William used public execution as a deterrant. He
also used more public punishments like whipping
and stocks.
14
  • There were a number of ways to avoid execution.
  • Read the Neck Verse
  • Get pregnant
  • Join the Army
  • Become Kings Approver (Snitch)
  • Buy a pardon

15
The Fines system was different from the Wergild.
During Saxon times your fine went to the person
that you had hurt. After the Norman Conquest,
your fine went to king.
16
You may have had you eyes gouged out if you
killed a stag as the kings considered them to be
their property.
17
The Dunking Stool was saved for women who were
Scolds
18
Being tied to a cart (Carting), whipped, stocks
and pillory became much more common. They were
punishments given out for a variety of crimes.
Petty theft, vagrancy, selling mouldy produce,
fighting in the street whilts drunk. The point
of it being in public was to humiliate and so
deter.
19
The Normans introduced the custom of Peine Fort
et Dure. This was being crushed to death by
having weights put on your chest. If you refused
to speak or defend yourself in court it would be
an option. Although you obviously died, you died
an innocent man and so you family got to keep
your belongings.
20
Kings were responsible for making the law
throughout the Middle Ages. They would enforce
the Kings Peace. Most of the old Saxon Laws
remained unchanged into the Norman period. The
Normans simply changed and adapted a few to suit
their needs. Juries became more commonly used as
did evidence.
21
Trial by Ordeal was replaced by Trial by Combat
but the principle was the same. It was used in
cases where guilt could not be decided as they
believed that God would not let an innocent man
suffer.
22
Norman law was unfair as it favoured Normans over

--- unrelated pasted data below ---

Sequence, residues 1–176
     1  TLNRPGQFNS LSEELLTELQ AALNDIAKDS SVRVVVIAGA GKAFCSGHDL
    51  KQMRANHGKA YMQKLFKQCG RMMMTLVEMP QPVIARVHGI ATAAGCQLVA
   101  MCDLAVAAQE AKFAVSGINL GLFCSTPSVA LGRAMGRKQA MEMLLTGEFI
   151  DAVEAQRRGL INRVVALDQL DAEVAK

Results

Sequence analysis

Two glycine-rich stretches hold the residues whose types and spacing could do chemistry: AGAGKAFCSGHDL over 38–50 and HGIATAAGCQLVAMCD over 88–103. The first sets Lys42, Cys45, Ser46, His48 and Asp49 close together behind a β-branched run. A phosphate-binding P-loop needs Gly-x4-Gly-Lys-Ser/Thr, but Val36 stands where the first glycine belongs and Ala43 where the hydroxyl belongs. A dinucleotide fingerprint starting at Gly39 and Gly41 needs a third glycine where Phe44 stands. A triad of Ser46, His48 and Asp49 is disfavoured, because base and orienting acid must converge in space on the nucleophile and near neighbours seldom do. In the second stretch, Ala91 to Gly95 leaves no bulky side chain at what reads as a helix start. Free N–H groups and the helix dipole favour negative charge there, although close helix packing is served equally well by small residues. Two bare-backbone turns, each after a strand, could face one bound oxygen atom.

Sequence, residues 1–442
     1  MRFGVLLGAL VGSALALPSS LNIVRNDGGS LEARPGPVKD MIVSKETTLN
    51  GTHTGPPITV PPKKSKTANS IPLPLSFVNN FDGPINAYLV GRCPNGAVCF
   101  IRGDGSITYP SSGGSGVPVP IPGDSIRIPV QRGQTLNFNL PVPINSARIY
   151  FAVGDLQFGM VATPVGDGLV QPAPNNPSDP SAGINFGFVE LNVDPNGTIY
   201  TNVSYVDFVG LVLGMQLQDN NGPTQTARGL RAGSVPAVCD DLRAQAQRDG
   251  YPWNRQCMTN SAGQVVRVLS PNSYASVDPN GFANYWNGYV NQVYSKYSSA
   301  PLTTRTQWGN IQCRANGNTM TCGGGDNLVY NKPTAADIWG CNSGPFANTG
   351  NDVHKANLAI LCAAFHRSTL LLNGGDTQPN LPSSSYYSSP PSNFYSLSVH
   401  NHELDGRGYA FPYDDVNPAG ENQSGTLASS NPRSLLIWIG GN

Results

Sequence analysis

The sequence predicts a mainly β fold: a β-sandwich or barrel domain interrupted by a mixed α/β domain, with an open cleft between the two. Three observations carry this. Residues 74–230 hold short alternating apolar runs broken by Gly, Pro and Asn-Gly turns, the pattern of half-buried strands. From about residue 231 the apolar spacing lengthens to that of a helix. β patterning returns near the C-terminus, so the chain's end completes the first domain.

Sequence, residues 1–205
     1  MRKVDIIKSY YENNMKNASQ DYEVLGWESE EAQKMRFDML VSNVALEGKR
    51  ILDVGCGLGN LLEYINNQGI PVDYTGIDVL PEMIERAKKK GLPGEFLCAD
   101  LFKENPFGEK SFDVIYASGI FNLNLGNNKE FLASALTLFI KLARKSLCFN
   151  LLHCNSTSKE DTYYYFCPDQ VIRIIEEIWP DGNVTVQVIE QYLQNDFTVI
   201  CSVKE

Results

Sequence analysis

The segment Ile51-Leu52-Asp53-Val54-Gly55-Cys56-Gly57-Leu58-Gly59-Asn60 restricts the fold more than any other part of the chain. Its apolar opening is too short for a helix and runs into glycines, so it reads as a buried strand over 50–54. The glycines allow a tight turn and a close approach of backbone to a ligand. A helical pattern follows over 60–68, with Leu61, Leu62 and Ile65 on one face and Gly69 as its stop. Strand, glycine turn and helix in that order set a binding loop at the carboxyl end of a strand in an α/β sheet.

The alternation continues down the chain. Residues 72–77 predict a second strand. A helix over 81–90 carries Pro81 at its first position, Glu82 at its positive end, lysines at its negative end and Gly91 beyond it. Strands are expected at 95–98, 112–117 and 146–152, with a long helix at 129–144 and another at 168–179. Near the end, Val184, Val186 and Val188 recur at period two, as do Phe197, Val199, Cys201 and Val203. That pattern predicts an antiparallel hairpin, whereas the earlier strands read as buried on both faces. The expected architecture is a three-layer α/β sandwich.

Saxons. It also sometimes favoured the rich.
23
Prison tended to be used for those awaiting
trial. If there was a castle nearby it would be
the dungeon. Other than that it would be a
secure building that was actually quite easy to
escape from. It would be the Tithings
responsibility to guard the building but it was
sometimes cheaper to allow the criminal to escape
a pay the fine instead of missing days of work.
24
The court system remained virtually the same.
They just changed the name of some of the courts.
Royal Courts held by kings for very important
cases stayed as Royal Courts Shire Courts held
twice a year by Kings officials, dealt with
serious cases became Quarter Sessions held 4
times a year Hundred Courts held once a month to
sort minor crimes and organise the tithing.
Didnt meet as often Manor courts held by lords
to sort out their workers remained Manor Courts
25
Some Kings such as Henry II took care to sort
out the Law
Other Kings like Richard I spent the majority of
his reign fighting abroad and paid little
attention to Law and Order
During the reign of Henry VI there was a break
down in Law and Order. Henry gave too much
freedom to his favourite and some them got away
with very poor behaviour